For each sampled frame, an alpha mask is determined for blending it with all the other sampled frames. Each foreground pixel in a sample is assigned a high alpha value (high opacity) and each background pixel is assigned a much lower alpha value. The alpha values for each pixel are normalized across samples and a single blended value is computed for each pixel. To smooth the visualization of foreground pixels, the alpha mask of foreground pixels is blurred slightly, i.e., background pixels neighboring foreground pixels are assigned half the alpha value of foreground pixels. Alpha values for foreground pixels can be varied across samples or within a sample to emphasize certain samples or certain regions within a sample.
In various embodiments of the invention techniques are used to enhance visualization. The techniques can be used either individually or in combination. The following list of techniques is not considered to be limiting but rather representative of various embodiments of the invention.
Emphasize Foreground Pixels Periodically
In one embodiment of the invention, emphasizing foreground pixels periodically (e.g., every fourth sample) by increasing their opacity can be used to provide more detail without causing too much overlap in the motion.
Tint with a Translucent Color
In one embodiment of the invention, tinting foreground pixels with a translucent color can also be used to visualize activity across video frames. The tinting color can be varied over time to indicate temporal order in situations with overlapping motion tracks.
In another embodiment of the invention, tinting background pixels with a translucent color (e.g., gray in
Halo Around Shapes
In an embodiment of the invention, drawing a colored halo around the shapes created by the foreground pixels can also be used to visualize activity across video frames. Shapes should be filled where possible by including pixels surrounded by foreground pixels and stray foreground pixels should be ignored.
Weighting Importance in Visualization
In one embodiment of the invention, importance of action within the video segment can be indicated by making important activity more opaque and less important activity more transparent. The techniques for enhancing the visualization listed above can be applied selectively to highlight important activity. Opacity or tinting can be varied either by temporal distance to an important time or by spatial distance to a hot spot in the video frames. If objects are recognized (e.g., via face recognition), the enhancement techniques can be applied just to that object.
In another embodiment of the invention, users may click with the mouse either on a single video frame or a generated keyframe. If an object is identified near the mouse position, that object is marked as important and tracked across frames. The visualization options described above are then applied to just that object.
Clicking on a generated keyframe can also be mapped back to a time, either by identifying objects or just by comparing the mouse position to the centroids of the foreground pixels of the sampled video frames. The centroid closest to the mouse position determines the corresponding time. Users may also specify a period of time by dragging the mouse over a region, which is taken as selecting an interval defined by the minimum and maximum times associated with centroids in that region. Once the time (or interval) is determined, either the video can be played at that time or the time can be highlighted in the generated keyframe. The latter can be accomplished easily by alpha-blending the video frame at that time with the generated keyframe. When an interval is specified, a new keyframe can be generated that just visualizes the specified interval.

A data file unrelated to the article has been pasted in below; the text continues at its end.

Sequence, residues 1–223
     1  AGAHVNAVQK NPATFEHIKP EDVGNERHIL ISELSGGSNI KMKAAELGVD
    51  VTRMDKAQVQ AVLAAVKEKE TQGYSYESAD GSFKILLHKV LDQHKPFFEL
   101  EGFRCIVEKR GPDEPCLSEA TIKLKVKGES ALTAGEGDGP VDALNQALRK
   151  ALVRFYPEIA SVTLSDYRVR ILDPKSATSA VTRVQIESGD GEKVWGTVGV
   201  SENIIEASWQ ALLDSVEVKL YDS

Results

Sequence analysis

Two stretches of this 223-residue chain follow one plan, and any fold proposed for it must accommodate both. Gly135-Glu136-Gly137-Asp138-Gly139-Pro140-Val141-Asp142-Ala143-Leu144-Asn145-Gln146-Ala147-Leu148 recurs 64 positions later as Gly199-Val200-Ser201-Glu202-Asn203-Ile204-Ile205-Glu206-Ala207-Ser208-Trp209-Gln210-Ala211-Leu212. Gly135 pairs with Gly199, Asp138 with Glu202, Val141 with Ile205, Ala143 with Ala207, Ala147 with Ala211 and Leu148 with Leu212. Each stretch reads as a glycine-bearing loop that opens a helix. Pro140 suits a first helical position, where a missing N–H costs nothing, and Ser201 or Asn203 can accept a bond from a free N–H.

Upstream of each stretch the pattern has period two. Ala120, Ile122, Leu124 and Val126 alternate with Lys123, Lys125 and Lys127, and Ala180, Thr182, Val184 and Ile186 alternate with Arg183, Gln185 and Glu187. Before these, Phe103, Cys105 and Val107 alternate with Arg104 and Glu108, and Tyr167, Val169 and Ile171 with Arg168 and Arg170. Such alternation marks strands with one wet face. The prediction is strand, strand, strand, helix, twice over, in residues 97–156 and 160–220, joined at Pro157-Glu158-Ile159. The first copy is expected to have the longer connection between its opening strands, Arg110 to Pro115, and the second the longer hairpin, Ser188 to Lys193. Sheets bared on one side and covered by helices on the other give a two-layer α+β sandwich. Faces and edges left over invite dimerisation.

Object Identification and Tracking
In yet another embodiment of the invention, objects can be identified by using time stamps for each pixel and by grouping nearby pixels with similar time stamps into shapes as described above. Objects can be tracked across frames by finding shapes in more recent frames that are similar to shapes in older frames and consistent under assumptions of maximum movement speed. In cases where different shapes merge and split again, assumptions can be made regarding the identity of the shapes when considering their movement trajectories.
Visualization of Independent Objects
In a further embodiment of the invention, the activity of independent objects can be visualized by tinting/colorizing the overlays of each object with a different color. Alternatively, halos of different colors can be drawn around the objects.
Expanding Visualization by Time or by Objects
In another embodiment of the invention, when visualization is too busy or complex, the single keyframe visualization can be subdivided. While reducing the sampling rate can make a visualization less busy if there are slow-moving or groups of objects, this does not help with objects reversing directions or different objects moving in different directions at different times. Overlapping foreground shapes from frames with a large temporal distance are an indication of this situation. In such cases the activity segment's time can be partitioned into subsegments that avoid such overlaps and can be visualized independently. The period of action is divided into shorter period of equal or different lengths and independent action keyframes are created for each smaller time slice of the period of activity.
An alternative subdivision is to separate the independent objects such that each keyframe includes the activity of only a subset of the objects identified. A set of action keyframes is created such that each displays only the action of a subset of the objects in the period of activity. For each of those action keyframes, only the foreground pixels of the selected objects are blended with the background pixels.